Maynard, John E (1992) Influence of the soft state on the performance of development finance institutions. PhD thesis, Edinburgh Napier University.
Available under License Creative Commons Attribution Non-commercial.
Development finance institutions put money into capital projects where conventional
intermediaries are reluctant to get involved, and/or where there is a political
preference for this channel of investment. In the last few decades D.F.l.s have
especially proliferated in developing countries. Unfortunately experience has been
disappointing. Most D.F .1.s have got into financial difficulties, and have not done
much for economic growth. A number of factors can be postulated as responsible for
this record. However, the concept of the 'soft' state as a causal factor has not been
applied in a structured manner to the problem. The following pages isolate 'soft' state
effects on D.F.1. experience via substantial Kenyan and Zimbabwean case studies.
The first part of the thesis is largely theoretical. The concept of the soft state is
discussed, and then a consideration of
(i) the place of financial intermediation in development,
(ii) the normative goals that often bias government policy and
(iii) the nature of financial systems in developing countries,
leads to a delineation of a role for development finance institutions.
The second part investigates the major 'general' D.F.1.s in Kenya and Zimbabwe in
order to test the deductions made and the hypothesis postulated in Part 1. As
necessary background to the D.F.1. analysis the history, the ideological bases, the
economics and the financial systems of the countries concerned are discussed. The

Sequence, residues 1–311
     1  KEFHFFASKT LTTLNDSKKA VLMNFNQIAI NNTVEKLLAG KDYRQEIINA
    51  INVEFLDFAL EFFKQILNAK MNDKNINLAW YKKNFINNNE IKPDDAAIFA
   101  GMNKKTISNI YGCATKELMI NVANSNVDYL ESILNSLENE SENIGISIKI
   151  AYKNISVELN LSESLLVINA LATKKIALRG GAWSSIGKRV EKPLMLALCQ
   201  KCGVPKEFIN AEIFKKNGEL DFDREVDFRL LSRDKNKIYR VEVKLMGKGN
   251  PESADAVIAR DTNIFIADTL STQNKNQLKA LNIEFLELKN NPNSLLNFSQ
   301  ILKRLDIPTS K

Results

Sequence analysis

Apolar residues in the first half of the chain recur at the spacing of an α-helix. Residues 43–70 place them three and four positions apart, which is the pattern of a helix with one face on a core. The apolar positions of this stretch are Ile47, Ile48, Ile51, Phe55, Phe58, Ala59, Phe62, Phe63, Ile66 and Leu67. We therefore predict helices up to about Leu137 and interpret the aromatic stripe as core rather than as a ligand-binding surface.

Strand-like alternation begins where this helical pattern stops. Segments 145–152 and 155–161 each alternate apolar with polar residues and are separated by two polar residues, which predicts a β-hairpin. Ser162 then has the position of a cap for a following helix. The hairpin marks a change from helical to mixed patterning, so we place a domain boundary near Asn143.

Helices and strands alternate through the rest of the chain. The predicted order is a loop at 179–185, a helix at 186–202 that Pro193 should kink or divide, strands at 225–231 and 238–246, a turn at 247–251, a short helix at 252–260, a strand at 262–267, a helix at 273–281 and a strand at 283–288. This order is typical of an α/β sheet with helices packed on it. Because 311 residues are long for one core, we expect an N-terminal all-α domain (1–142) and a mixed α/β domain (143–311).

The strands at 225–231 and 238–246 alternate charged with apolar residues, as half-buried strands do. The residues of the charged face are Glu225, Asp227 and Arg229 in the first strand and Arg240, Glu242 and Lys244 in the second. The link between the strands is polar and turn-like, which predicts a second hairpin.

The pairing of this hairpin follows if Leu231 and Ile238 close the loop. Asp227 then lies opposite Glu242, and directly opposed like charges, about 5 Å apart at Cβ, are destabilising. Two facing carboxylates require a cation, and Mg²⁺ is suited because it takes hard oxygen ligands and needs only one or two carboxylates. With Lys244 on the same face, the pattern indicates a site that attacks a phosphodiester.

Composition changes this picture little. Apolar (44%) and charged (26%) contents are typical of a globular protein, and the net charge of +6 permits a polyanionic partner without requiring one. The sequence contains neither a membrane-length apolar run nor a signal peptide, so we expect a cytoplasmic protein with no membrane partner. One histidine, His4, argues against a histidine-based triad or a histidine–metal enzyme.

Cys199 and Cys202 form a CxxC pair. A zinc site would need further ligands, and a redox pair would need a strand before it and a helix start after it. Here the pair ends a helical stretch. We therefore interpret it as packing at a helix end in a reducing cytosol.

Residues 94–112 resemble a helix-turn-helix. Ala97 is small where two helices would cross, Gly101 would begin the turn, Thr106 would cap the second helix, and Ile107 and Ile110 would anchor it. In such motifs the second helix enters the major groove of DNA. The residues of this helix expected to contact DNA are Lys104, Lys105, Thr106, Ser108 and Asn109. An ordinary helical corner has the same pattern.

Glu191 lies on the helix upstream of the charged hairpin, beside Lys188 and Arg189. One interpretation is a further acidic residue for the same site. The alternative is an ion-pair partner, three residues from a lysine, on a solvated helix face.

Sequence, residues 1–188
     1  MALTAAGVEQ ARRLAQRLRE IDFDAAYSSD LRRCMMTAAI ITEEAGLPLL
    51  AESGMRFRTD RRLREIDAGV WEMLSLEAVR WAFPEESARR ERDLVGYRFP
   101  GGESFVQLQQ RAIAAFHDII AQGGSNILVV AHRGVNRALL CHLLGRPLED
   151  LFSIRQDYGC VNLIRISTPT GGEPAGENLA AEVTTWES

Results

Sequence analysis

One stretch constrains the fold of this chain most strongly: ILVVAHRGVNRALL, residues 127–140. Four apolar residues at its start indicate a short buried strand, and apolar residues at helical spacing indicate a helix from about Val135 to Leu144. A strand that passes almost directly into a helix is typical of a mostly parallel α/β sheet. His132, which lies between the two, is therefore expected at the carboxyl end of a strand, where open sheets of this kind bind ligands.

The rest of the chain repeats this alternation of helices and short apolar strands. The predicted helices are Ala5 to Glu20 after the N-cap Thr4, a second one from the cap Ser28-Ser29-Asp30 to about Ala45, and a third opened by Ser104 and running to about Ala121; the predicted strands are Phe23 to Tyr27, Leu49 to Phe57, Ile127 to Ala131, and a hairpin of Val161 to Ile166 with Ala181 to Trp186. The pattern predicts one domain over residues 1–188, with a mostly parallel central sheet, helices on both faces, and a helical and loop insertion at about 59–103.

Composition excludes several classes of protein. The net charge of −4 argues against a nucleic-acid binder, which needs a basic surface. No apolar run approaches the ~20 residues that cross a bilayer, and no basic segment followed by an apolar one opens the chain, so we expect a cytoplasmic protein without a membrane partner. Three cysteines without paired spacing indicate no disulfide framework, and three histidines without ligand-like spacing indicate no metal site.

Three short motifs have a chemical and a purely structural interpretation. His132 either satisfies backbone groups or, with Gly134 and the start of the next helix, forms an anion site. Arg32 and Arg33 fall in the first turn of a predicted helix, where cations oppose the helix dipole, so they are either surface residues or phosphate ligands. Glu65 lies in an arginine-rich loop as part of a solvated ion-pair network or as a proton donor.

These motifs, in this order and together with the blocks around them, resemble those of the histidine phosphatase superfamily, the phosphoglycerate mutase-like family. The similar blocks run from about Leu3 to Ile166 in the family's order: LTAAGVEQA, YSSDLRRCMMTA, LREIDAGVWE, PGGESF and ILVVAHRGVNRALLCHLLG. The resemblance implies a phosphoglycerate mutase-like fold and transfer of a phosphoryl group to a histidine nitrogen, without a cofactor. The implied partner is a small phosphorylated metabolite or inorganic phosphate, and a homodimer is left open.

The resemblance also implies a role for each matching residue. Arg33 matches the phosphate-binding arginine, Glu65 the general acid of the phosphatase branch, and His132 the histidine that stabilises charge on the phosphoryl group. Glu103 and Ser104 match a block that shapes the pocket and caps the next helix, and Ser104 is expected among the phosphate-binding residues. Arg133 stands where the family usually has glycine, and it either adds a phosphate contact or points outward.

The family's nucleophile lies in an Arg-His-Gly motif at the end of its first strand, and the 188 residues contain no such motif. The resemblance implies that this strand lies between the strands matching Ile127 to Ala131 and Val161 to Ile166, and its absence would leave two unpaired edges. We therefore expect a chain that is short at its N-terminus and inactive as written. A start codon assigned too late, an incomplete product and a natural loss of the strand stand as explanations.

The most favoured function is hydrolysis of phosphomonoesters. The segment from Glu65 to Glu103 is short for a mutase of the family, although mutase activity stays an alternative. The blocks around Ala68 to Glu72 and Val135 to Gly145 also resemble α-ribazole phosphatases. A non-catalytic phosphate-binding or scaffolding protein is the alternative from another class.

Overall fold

work on the D. F. 1. s themselves leads to some preliminary conclusions as to the effect
of the soft state on their operations.
The third part synthesises the material from the previous chapters, and draws some
conclusions as to how soft state features have affected the structures and work of
D.F.1.s in Kenya and Zimbabwe. A number of recommendations related to the role
and behaviour of D.F.1.s in developing countries are made at the end, and some
suggestions for further research.
There are three appendices after the final chapter. The first analyses the concept of
rent generation by and rent extraction from companies in developing countries and
the second formulates a rule as to when D.F.1.s should sell profitable investments.
The third looks briefly at some other developing country D.F.1.s.
|Item Type:||Thesis (PhD)|
|Additional Information:||In collaboration with the University of Edinburgh and the Institute of Development Studies at the University of Sussex|
|Uncontrolled Keywords:||Development Finance Institutions; soft state; economic growth; Kenya; Zimbabwe; financial investment;|
|University Divisions/Research Centres:||The Business School > School of Management|
|Dewey Decimal Subjects:||300 Social sciences > 330 Economics > 332 Financial economics|
|Library of Congress Subjects:||H Social Sciences > HG Finance|
|Depositing User:||Mrs Lyn Gibson|
|Date Deposited:||09 Jun 2011 11:29|
|Last Modified:||09 Jun 2011 11:29|
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